This crazy malignant and totally evil SOB has been successfully incarcerated in US jails for more than 40 years.

Tell me again why this malignant and totally evil SOB's alleged henchmen can't...

They kind of look alike don't they?


The Incredible Rightness of Being Delusional

The power of delusional thinking was first made apparent to me in the summer of my junior year of medical school.

I was assigned to the acute care lock down ward of the county hospital for my psych rotation. The best way to describe the place is that it was where they emptied the nets. I had no idea the circumstances in which some of my fellow human beings would find themselves. Every time I see homeless people talking to themselves or a report on cutting mental health services, I remember that place and the people it admitted. But that's not the point of this little memory exercise.

One day I was walking around the common room when an attendant, who was playing checkers with one of the patients, said, "Why don't you ask the doc about it?" The first part of this patient's delusion was that I was a doc instead of a white coat garbed figure randomly moving about like one of those old electric football players that ends up stuck against the side, vibrating in place. But I sat down anyway and he decided he could tell me his theory.

The patient was a huge lad afflicted with schizophrenia and in that medical transition period between violent paranoia and drug induced sluggishness that was his most functional state. He was in that happy delusional land in the middle. You know, the place where many of us spend the lion's share of our lives.

He rolled up his considerable pants leg and asked me to feel a bone, the tibia, of his right leg. The attendant looked nonplussed so after a bit I cautiously palpated his anterior tibia. It took only a moment and my professional assessment and response was, "ok?"

He said, "So do you see?" (Fortunately this took place outside of a Thomas Harris novel.)

"Seeeee what exactly?"

"The bone. It's flat. Bones are round. My bones are flat. So my bones are made of metal."

Not much more logically challenged than the Discovery Institute was he.

Being a newbie I found it necessary to challenge his clearly delusional assertion. After all, it shouldn't be that hard to convince him of such an obvious error in reasoning. (The power of logic compels thee! The power of logic compels thee!) I explained the relevant anatomy to him - that the tibia is actually almost triangular in shape at that level and that he was merely feeling one surface of it. But none of it could wash that knowing smile from his face. So I decided that only one thing could convince him.

I rolled up my own pants leg and asked him to feel my tibia so that he would see the error in his thinking. (Many no doubt can see where this is heading...)

He did so. Then with an incredulous look on his face, he bellowed. "You've got metal bones too!"

That was the last time I ever tried to talk someone out of their delusion. Drugs as it turns out are far more effective than logic. I bring this up because neurochemical studies of brain function suggest that the difference between the kind of paranoid delusional state that my young friend experienced vs the dogmatic acceptance of mystical truths may be rather more a matter of degree than we might wish.

That's why Pliny avoids most of the intellectual arguments that go on around this great land of ours. Instead I have been quietly amassing a vast underground storehouse of Thorazine and Navane. When I have enough, a network of strategically placed crop dusters will spray key segments of the population with it in aerosolized form ushering in a new era of logical discourse...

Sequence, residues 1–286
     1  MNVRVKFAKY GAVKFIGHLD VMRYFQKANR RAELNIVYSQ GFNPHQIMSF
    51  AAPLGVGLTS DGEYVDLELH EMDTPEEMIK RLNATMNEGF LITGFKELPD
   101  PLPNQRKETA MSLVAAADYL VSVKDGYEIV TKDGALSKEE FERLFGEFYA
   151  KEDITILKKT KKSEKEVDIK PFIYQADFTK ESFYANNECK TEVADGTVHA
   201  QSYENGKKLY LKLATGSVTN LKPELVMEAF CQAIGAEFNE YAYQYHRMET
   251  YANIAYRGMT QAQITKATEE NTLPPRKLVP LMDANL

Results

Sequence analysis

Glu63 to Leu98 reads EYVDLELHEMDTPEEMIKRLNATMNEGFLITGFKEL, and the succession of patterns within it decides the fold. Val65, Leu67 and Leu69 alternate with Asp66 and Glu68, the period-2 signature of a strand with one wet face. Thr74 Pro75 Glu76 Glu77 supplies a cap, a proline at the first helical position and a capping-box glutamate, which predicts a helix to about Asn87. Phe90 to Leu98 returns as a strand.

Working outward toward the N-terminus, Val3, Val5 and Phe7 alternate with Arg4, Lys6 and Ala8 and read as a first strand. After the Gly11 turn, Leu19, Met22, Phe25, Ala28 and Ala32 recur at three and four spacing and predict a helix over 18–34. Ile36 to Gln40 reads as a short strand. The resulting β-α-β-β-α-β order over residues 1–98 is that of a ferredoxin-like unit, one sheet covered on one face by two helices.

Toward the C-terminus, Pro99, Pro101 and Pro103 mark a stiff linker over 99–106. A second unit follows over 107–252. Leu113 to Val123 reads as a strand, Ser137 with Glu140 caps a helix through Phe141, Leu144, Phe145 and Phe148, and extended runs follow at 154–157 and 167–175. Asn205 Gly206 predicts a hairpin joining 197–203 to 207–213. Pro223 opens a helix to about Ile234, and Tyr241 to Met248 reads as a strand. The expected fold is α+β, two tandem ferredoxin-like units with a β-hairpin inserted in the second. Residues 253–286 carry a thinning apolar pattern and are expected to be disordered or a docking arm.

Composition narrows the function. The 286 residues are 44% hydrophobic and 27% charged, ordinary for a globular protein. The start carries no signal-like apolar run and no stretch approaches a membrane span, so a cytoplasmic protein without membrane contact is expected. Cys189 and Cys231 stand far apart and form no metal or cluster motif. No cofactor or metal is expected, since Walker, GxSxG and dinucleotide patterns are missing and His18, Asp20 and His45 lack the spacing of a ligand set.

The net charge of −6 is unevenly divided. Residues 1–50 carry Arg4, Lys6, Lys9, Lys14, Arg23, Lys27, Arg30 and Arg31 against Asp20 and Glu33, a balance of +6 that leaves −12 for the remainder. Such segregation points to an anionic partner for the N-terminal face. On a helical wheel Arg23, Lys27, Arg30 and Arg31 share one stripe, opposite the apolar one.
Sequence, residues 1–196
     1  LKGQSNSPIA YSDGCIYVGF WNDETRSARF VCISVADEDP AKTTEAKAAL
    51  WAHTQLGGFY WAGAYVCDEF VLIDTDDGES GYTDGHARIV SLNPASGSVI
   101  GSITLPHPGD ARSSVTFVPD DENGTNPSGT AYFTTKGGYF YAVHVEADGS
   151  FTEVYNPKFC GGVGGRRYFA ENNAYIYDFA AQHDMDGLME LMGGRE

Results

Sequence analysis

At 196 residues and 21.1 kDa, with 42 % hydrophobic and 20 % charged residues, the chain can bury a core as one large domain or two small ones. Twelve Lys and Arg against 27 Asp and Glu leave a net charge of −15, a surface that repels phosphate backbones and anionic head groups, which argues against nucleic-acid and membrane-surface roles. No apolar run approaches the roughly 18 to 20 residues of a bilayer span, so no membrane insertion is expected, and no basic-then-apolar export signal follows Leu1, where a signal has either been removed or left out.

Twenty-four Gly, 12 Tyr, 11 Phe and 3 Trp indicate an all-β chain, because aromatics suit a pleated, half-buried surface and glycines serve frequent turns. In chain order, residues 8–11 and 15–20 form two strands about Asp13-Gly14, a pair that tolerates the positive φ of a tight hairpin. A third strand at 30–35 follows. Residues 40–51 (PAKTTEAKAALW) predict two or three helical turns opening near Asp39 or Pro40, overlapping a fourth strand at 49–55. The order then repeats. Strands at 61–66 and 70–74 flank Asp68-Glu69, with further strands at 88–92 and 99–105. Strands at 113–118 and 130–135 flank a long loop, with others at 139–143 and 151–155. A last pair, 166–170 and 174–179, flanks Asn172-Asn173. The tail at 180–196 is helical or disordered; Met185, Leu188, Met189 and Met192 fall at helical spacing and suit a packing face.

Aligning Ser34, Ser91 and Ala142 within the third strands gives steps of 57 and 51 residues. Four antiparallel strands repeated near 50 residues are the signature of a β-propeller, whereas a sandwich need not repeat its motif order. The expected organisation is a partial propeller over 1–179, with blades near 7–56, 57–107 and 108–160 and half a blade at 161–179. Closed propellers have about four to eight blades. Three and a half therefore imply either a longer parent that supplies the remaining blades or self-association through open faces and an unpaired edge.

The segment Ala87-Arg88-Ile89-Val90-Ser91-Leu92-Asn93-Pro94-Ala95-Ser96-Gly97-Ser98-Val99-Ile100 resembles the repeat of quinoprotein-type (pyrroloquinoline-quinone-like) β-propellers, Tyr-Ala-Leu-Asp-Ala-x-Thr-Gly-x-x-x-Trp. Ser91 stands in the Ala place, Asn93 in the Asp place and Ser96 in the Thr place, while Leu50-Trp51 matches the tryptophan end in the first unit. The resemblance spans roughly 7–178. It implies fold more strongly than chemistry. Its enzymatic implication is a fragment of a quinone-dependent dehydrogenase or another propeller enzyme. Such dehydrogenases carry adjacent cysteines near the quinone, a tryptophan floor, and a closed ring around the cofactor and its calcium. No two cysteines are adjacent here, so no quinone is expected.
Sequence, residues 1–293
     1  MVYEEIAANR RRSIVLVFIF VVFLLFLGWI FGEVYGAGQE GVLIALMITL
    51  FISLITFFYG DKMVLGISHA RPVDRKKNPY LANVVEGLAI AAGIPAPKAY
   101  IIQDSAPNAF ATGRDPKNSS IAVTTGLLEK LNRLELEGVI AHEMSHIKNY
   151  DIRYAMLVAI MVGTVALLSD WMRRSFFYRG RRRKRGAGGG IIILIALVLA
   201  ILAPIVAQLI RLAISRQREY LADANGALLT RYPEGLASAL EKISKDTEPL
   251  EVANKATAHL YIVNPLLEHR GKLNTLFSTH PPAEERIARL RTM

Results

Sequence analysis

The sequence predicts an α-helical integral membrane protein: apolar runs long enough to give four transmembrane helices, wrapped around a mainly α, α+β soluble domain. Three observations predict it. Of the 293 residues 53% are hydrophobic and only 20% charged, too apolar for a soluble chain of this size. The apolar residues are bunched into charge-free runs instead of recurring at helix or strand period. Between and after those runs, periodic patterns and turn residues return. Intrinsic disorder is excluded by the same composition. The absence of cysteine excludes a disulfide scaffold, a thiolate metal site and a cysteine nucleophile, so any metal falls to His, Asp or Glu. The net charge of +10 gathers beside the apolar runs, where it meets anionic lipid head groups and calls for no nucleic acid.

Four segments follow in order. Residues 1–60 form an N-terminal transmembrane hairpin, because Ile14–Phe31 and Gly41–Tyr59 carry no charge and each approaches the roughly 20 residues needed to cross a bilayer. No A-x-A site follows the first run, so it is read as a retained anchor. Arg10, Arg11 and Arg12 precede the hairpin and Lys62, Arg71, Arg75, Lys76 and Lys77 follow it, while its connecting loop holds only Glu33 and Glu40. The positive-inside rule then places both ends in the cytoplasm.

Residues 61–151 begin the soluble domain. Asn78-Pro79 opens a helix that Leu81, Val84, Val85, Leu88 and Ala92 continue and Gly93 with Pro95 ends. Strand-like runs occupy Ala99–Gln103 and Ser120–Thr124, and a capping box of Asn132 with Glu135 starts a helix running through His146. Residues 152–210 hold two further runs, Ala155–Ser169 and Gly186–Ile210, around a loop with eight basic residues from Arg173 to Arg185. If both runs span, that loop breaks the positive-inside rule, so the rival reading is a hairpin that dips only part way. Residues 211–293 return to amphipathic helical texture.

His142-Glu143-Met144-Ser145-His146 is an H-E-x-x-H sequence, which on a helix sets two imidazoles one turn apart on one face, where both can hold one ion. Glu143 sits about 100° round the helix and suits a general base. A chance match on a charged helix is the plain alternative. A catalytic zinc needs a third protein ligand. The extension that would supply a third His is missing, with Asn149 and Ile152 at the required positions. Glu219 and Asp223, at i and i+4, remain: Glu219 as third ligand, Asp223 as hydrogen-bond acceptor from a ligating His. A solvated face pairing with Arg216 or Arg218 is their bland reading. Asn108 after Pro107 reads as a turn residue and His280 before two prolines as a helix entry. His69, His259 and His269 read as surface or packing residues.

(PS; for the NSA algorithms - that last bit is just a bit of satire...)


Deeply Disappointed

A headline in the paper this morning looked extremely hopeful - "Prosecutors to Grill Rove Today". Imagine my chagrin when upon reading the article I found that they only intended to question him intensely...
On a positive note, it would appear that Stacy and Seeker are our winners in the great Crayola Contest of 2009. Jamaican Jade and Yellow Cake were tied for first place. Each will win a copy of Pliny's totally corrupt coloring book when it hits the stores. The image below right is a page from that splendid collection.

http://www.crayola.com/canwehelp/contact/ask.cfm is where you can suggest to Crayola that the time has come for an underground and subversive box of 64.

I'm in the mood for butchering poetry - if anyone has a suggestion for a topic to which I might apply my highly limited style, I'm all ears.


Alternate Realities and Insular Perspectives

There are times when I question my chosen profession. A lot of late nights fixing the results of sub-optimal decision-making. Sometimes it's no wonder. A recent local lawsuit is a case in point. The names from this excerpt from the Oregonian have been omitted.
"This is a case about hair," said attorney .......

More to the point, the case is about the hair that isn't on the head of .......... explained this week to a Clackamas County jury.

......., 36, is suing ........, a high-class salon and spa in Lake Oswego, where a stylist bleached (said person's).... hair to the platinum shade that defined her signature look. She wants $50,000 for humiliation, depression and the cost of hair extensions.
Signature look? Pliny's signature look is a rumpled shirt, two day old beard, well worn shoes and some casual slacks - wouldn't require anything like $50,000 to restore at least.

A bit of background. Lake Oswego is one of those places that looks gorgeous as long as you don't look too close - at any level. The signature lake itself has been declared dead by state biologists. At this point it is believed to be more sterile than the primordial ocean. This is due to the runoff of years of chemicals used by the locals to keep up appearances and preternaturally green yards.

It's a place where a number of wealthy contractors and developers sue anyone who even threatens to disturb their faux bucolic surroundings using money they earned defacing other neighborhoods in the city with hideous infill houses and cheaply built condos. I guess you figured out I'm not a fan...